Realigning fundraising efforts to support student success and well-being
- Turning Giving Days into Student Support Days is one way to raise funds to support students during challenging times
- Advancement teams need to think beyond the traditional ways they support student services
- Supporting students now so they can complete their degrees will help fund future initiatives
In light of the coronavirus pandemic, not only have higher education institutions shifted their learning online, they’ve also shifted their giving days online.
UC Davis recently hosted a virtual Give Day. They focused their fundraising efforts on the emergency funds that support students as well as the medical professionals at UC Davis Health. The campaign received more than 3,000 gifts, raising more than $2.5 million.
Some institutions are moving forward with planned fundraising initiatives and then directing those funds to support students financially impacted by COVID-19. In the case of Princeton University, they are still encouraging giving through their annual fund but this unrestricted fund helps meet “the needs of the students who must remain on campus, and the technical costs of virtual learning,” among other needs.
Other institutions, like the University of Alabama at Birmingham (UAB), have aligned fundraising efforts specifically around fighting the coronavirus. Their #UABfightsCOVID campaign features many ways to give, including supporting students.
Turning Giving Days into Student Support Days is just one way that advancement teams can realign their fundraising efforts during this challenging time. There are other ways to help support student success and well-being, and it starts with thinking beyond the ways in which advancement has traditionally funded student services.
Think beyond the food pantry
Advancement has traditionally supported pantries—and still can! Campus food pantries are open even though students aren't on campus. UAB’s Blazer Kitchen is operating via a drive thru process. They’re serving students who have nowhere else to go, who can’t afford food because they’re not working. Those students need food pantries now more than ever.
But we have to think beyond the food pantry. What else do students need? They need technology. They need Wi-Fi access. They need housing. They need mental health services. How can we help meet the crucial need for student support through philanthropy?
How are we supporting low-income students or first-generation students who may not have access to stable internet? They can't go to the library and they can't go to coffee shops. So how are they accessing Wi-Fi? They may have a phone however some students may have limited data. Plus, not all assignments can be easily completed on mobile devices. Think about typing on your phone, or even an iPad. You can do it, but it's not very conducive to online learning.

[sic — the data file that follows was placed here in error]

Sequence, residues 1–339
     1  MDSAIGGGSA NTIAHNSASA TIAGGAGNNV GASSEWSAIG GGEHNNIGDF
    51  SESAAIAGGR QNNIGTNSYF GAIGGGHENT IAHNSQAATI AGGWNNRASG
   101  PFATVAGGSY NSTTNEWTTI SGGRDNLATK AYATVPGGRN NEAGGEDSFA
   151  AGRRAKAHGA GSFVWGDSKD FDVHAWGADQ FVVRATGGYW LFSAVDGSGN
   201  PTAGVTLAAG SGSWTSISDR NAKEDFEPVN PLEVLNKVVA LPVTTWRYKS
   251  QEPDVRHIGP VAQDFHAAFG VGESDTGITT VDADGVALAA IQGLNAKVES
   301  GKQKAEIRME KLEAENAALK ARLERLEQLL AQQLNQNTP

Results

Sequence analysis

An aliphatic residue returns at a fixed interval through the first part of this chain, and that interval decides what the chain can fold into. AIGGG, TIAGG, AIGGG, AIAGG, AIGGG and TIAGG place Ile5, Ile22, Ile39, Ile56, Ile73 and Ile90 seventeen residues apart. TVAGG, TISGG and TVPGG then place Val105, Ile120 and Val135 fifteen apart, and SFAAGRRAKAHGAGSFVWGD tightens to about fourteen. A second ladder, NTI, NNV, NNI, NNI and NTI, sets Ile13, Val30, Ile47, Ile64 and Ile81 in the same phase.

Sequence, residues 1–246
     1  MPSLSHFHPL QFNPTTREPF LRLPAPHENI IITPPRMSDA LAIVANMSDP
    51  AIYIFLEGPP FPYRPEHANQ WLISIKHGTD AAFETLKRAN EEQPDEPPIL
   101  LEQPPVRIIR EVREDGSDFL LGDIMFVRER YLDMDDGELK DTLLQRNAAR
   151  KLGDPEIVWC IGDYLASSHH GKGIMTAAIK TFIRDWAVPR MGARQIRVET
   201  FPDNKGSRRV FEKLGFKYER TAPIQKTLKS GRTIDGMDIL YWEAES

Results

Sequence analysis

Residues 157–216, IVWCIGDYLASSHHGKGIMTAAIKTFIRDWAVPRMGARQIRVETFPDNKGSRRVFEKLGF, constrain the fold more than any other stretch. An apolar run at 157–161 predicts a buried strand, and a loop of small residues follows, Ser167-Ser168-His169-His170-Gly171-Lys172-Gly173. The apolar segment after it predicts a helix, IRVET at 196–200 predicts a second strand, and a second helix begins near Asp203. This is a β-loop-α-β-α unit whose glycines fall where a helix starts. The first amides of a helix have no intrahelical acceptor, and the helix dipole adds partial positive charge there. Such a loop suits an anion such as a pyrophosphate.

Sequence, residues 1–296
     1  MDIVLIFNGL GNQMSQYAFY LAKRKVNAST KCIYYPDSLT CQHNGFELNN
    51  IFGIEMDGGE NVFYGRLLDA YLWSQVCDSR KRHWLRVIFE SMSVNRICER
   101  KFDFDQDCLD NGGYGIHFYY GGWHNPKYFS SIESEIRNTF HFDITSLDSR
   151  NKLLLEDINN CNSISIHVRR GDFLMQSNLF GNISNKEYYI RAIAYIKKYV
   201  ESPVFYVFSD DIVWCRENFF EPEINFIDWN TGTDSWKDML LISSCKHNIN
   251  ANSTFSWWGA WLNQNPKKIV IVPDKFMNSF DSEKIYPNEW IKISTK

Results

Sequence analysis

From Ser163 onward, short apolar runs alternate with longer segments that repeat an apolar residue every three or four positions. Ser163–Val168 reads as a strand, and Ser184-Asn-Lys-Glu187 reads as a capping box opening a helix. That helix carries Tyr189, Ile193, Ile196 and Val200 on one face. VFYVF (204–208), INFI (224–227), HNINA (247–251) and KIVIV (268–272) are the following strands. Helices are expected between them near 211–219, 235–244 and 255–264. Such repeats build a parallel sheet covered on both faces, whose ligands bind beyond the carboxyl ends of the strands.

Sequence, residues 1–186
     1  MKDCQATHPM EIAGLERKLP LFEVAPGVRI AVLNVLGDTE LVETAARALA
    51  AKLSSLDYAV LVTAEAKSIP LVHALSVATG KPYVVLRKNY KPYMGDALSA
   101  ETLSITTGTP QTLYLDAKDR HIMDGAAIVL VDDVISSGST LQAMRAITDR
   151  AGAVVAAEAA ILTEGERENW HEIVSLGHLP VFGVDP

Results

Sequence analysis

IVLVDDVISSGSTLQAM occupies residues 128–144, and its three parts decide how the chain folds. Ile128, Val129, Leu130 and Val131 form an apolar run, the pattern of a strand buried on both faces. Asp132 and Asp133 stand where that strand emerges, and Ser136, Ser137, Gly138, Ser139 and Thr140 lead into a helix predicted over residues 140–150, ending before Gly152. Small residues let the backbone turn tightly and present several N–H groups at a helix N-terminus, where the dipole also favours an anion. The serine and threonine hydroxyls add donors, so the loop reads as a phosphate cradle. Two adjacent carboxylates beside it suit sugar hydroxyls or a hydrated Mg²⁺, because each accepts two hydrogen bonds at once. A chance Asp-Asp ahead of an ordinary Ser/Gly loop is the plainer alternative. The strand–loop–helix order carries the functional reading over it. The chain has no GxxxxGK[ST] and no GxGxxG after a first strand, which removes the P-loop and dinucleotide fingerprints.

One solution is to leverage corporate partnerships. We can work with our corporate partners to provide Wi-Fi and technology access to students who can’t afford it. The Portland Community College Foundation pledged $100,000 to purchase computers and partnered with an internet service provider to give students high-speed access.
Many first-generation students can’t afford on-campus housing, so they live in their cars. Those students need our help, too, as do the students who can’t make rent because they’re out of work. The Western Colorado University Foundation partnered with the institution’s student government association and Office of Student Affairs to establish a fund that provides financial support for temporary housing, among other needs.
Mental health services are another student support area that advancement can help. Mental health services on campus are one of the lowest funded areas. Many institutions do not have these resources available online. So, how can philanthropy help with that? Is there a way that we could pay for consulting hours, for online mental health care for students, and do that through the student health center?
Support students toward degree completion
Finally, how do we help students finish their degree? This pandemic hit everyone out of the blue and many students were not equipped for the rapid shift to distance learning. If they can't access their courses online, they can't finish. And if they can’t complete their degree work, they won’t graduate and become the alums that advancement teams lean on.
If we can support them now, they'll be more likely to give back after they graduate. We have to help students get to the finish line however we can.
Student foundations are a good start. UC Davis’ student foundation Aggies Helping Aggies raises money for programs that directly benefit undergraduates, including the Student Emergency Relief Aid (SERA) program, the Bookstore Award, the Cap and Gown Award, and the Senior Class Challenge.
Fostering digital relationships
We have to think beyond scholarships and look for ways to directly help students by funding the services that are desperately needed right now, the ones that aren’t traditionally funded by advancement. That will require reprioritization and exploring different avenues of raising those funds, plus the ability to track and report progress to institutional leaders.
Advancement is relationship-based, relying heavily on face-to-face interactions. Now, all those interactions must take place digitally. CRM technology helps cultivate donor relationships as well as manage campaigns effectively, even while social distancing. Its functionality is now mission critical for advancement and will be key to realigning fundraising efforts.